Whilst watching the Gryffindor Quidditch team train on the pitch from the stands, Pansy Parkinson mocks Angelina Johnson’s braided hair: “Hey, Johnson, what’s with that hairstyle, anyway? Why would anyone want to look like they’ve got worms coming out of their head?” (P. 269 of Harry Potter and the Order of the Phoenix). Angelina Johnson is black, so we may assume, with high probability, that she is referring to Angelina Johnson’s cornrow braids, so this is blatant racism.
Blood elitism is an overarching theme in the Harry Potter series, but the wizarding universe isn’t exempt from cultural racism either. Racism is everywhere. What mostly surprised me is that nobody thought to report Pansy Parkinson to Professor McGonagall, Dumbledore or Snape. Many other discriminatory comments made by several characters at Hogwarts is frequently swept under the rug though it elicits an initial angry reaction. Nothing much is done to counter discrimination or to discipline those who make discriminatory comments at Hogwarts or the Ministry of Magic.
I didn’t pick up on this when I first read the Order of the Phoenix, so this thoroughly shocked me.
7. ZACHARIAS SMITH IS SHELDON COOPER
This guy. My guy. My guy will say anything with no thought to how it will be received. No. 1 truth-teller. So unbelievably, wonderfully, tactlessly and obliviously blunt. Oh, he doesn’t intend to be rude at all either. I can’t help but like him and I really wish that we had got to see more of him throughout the series because he had me chuckling.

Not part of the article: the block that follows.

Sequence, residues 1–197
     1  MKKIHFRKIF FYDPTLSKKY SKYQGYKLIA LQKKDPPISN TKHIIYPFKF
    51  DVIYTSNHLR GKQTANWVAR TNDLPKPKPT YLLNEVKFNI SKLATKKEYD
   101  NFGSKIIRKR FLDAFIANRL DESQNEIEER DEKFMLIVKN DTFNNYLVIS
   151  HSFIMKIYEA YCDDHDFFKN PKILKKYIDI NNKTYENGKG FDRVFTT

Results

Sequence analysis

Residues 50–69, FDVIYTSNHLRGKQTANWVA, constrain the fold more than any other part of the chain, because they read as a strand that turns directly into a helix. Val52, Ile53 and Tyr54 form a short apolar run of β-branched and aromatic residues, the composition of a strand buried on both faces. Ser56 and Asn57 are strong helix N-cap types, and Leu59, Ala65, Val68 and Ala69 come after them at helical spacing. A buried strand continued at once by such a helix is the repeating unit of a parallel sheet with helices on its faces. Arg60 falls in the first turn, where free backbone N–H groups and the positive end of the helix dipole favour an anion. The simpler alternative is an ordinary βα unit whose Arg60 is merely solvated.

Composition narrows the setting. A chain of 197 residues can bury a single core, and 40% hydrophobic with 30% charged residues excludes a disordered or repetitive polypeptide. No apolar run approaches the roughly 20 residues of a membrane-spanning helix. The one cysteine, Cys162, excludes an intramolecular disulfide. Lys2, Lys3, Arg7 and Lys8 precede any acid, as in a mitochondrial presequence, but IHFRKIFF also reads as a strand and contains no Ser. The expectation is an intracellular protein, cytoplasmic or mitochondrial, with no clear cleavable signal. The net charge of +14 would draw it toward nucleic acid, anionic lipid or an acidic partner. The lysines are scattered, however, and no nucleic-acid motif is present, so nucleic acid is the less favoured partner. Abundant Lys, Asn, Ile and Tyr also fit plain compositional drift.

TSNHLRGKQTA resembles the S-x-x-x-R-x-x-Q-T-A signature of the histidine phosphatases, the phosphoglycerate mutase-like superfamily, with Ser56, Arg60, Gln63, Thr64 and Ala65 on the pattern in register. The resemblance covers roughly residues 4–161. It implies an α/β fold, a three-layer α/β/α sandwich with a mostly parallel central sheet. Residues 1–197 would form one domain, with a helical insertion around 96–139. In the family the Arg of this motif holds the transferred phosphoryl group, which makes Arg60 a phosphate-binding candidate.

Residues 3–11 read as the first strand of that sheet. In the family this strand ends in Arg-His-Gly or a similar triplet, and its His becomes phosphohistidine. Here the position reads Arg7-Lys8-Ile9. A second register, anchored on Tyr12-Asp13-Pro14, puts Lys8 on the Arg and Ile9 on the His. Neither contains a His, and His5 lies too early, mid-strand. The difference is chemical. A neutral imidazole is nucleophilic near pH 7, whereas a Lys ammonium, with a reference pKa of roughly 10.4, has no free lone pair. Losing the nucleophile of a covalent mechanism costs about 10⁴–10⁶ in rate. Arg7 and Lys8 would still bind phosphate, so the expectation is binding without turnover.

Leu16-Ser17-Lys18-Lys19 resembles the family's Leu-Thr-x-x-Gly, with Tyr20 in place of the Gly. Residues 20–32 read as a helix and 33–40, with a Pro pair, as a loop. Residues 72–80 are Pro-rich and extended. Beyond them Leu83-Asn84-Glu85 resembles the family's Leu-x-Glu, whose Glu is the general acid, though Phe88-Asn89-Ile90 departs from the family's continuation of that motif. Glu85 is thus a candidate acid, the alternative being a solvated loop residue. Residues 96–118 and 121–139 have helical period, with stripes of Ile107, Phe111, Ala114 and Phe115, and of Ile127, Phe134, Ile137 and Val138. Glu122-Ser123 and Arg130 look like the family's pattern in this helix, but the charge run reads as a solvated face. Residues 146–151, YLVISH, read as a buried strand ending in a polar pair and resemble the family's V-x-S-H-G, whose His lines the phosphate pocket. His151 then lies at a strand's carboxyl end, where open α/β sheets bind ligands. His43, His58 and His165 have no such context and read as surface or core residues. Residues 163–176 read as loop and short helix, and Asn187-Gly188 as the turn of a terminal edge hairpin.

Quite a lot of characters can’t stand him, especially Gryffindor students, but I’m sure that if we read the Harry Potter series alongside watching The Big Bang Theory then we would have been much more sympathetic towards Zacharias Smith. Look at all this fabulosity:
“You take remedial Potions?” asked Zacharias Smith superciliously, having cornered Harry in the Entrance Hall after lunch. “Good Lord, you must be terrible. Snape doesn’t usually give extra lessons, does he?”
I honestly don’t see any malicious intentions, just straight up Sheldon Cooper-ness. I would love to see a day in the life of Zacharias Smith being unintentionally rude to people. As long as I’m not the recipient, of course.
8. HARRY WOULD HAVE DEFINITELY OPENED SIRIUS’S GIFT
Harry dismissing the present Sirius gifted him felt too contrived. When Sirius Black gifts Harry the two-way mirror – you know the one Harry could have used to find out that Sirius is at Grimmauld Place and not at the Ministry of Magic – Harry dismisses opening the present, not thinking too much of it, but he opens all the other presents he receives and now he’s suddenly not opening the present he receives from Sirius? Yeah, stinks of lazy writing. I had to laugh and: *eye-roll on loop.*
What are your thoughts on Harry Potter and the Order of the Phoenix? Why do you or do you not think Ginny’s transformation was well-developed? Are you a fan of Ginny Weasley? Should Hogwarts have done more to protect students from discrimination? What unintentionally rude comments have you heard?
Air your grievances, I mean, let me know in the comments!